$3.9 million bequest helps attract best and brightest to QBI

12 Feb 2016
A new research Fellowship focused on attracting the best and brightest neuroscientists from around the world to QBI will become a reality thanks to a bequest from a generous benefactor and contributions from UQ and QBI senior leaders and donors.

The late Maureen Gilmartin, who passed away in May 2014, bequeathed $3.9 million towards QBI’s research into brain function.

QBI will focus the bequest on research fellowships, including the establishment of the perpetual Bartlett Fellowship.

The Bartlett Fellowship, named in honour of QBI’s Founding Director, Professor Perry F Bartlett, will support world class neuroscientists to conduct vital research, continuing to position QBI at the forefront of brain research globally.

Maureen’s philosophy in life was to be aware of the needs of others, assist and serve, whilst maintaining a respect for human life.

It was this philosophy, along with her interest in science and understanding the need for research into the function of the brain, which motivated her to make this bequest.

Born in Dalby, Maureen completed her secondary education at All Hallows’ School in Brisbane and after working for two years as a cadet laboratory technician for Red Cross in Brisbane, she studied for a Bachelor of Science majoring in biochemistry at the University of Queensland.

Maureen worked in Brisbane and London in her scientific field before returning to Australia where she spent the next 40 years managing the family cattle property.

She was active in industry and community groups, holding many executive positions including National Treasurer of the Catholic Women’s League, an organisation to which she dedicated much of her life.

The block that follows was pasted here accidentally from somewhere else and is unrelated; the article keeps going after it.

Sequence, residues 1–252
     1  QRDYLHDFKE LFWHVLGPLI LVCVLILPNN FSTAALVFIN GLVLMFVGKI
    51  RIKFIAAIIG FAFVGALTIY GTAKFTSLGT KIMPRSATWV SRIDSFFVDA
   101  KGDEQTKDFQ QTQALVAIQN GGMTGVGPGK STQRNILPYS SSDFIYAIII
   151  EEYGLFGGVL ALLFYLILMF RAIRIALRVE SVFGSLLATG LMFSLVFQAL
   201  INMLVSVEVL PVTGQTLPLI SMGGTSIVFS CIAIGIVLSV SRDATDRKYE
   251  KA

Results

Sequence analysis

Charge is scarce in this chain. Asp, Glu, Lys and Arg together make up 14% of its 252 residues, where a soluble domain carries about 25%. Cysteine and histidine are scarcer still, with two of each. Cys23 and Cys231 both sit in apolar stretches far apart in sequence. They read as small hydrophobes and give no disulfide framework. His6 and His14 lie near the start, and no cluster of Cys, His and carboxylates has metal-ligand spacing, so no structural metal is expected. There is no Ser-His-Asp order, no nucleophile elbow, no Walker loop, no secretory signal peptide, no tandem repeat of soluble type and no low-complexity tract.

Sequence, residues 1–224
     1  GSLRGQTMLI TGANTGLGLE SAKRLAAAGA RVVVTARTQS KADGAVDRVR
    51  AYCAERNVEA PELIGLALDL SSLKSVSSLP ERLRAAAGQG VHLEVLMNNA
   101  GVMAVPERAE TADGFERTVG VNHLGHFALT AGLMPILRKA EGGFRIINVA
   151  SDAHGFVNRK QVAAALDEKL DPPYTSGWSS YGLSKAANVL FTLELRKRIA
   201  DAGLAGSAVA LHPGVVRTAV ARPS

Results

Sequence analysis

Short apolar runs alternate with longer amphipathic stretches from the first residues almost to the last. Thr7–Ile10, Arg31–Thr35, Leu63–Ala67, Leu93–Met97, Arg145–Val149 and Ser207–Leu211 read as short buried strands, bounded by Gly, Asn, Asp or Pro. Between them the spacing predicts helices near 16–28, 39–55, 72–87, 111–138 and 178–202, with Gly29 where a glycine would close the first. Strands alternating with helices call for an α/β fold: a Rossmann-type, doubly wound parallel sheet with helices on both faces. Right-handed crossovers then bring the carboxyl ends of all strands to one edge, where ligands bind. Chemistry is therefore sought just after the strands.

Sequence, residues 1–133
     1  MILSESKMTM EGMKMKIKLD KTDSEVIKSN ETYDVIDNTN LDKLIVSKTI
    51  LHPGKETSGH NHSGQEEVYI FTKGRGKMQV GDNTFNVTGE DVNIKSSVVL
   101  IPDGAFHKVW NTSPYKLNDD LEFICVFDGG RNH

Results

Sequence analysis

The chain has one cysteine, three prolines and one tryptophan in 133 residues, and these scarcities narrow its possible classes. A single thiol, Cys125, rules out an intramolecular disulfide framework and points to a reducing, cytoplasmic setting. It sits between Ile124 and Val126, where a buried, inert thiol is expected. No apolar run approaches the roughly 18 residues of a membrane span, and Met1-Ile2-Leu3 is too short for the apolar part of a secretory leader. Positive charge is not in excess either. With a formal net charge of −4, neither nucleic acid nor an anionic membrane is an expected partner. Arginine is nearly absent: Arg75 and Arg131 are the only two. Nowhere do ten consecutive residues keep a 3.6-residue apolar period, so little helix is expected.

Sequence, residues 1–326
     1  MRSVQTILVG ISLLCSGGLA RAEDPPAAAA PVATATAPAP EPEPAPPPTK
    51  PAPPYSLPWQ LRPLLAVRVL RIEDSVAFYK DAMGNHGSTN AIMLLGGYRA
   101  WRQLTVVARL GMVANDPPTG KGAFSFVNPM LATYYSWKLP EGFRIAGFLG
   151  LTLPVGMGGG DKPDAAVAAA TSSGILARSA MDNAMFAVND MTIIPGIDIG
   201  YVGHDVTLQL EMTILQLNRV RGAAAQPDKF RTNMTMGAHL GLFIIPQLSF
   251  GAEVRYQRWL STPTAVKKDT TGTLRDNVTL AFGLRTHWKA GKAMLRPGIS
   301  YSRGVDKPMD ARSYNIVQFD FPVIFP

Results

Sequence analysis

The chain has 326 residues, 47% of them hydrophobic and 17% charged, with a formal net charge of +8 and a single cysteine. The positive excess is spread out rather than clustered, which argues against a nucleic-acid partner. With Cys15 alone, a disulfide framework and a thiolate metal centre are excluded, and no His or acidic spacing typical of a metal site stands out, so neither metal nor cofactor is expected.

In 1985, Maureen was awarded the Pro Ecclesia et Pontifice for distinguished works and service in Catholic women’s organisations and in 1990 became a Member of the Order of Australia (AM).

Maureen was a long time supporter of QBI and Professor Perry Bartlett’s vision for a world class brain research institute through regular attendance at QBI events, contributing to robust scientific discussion and spreading a positive message within the community of QBI’s valuable work.

“Maureen was a wonderful friend and supporter of QBI,” said Professor Bartlett, QBI’s Professor of Molecular Neuroscience and the Founding Director of QBI from 2003 - 2015.

“I am absolutely delighted to have this Fellowship named in my honour and I believe it will highlight the importance of philanthropy to the success of science and showcase the personal commitment UQ’s leaders have to philanthropy now and in the future.”

Maureen’s philanthropic leadership encouraged a number of UQ staff to generously donate also to the Bartlett Fellowship.

“Generosity, such as Maureen Gilmartin’s, will allow QBI to maintain its world class reputation through supporting the careers of the best and the brightest young scientists.

“At QBI, we remain committed to attracting and supporting talented early career neuroscientists who will lead the nation in research into the brain and disease, and accelerating discovery,” Professor Bartlett said.

“The Bartlett Fellowship provides the opportunity for talented scientists to join QBI’s 450 strong team, conducting priority research, which will benefit the community now and into the future.”

“As a former alumnus, Maureen was very passionate about UQ and science, and her involvement with QBI allowed her to contribute and connect with these two important anchors in her life,” Professor Bartlett said. 


QBI’s vital research into the brain and disease is only possible through the generosity of donors and benefactors.

A bequest leaves a lasting legacy that will potentially make a world of difference to people affected by neurological disease and disorders in the future.

If you would like to know more about making a bequest to QBI, or information on how to make a donation, please contact Kate Heffernan k.heffernan@uq.edu.au.

For information on bequests generally, please click here.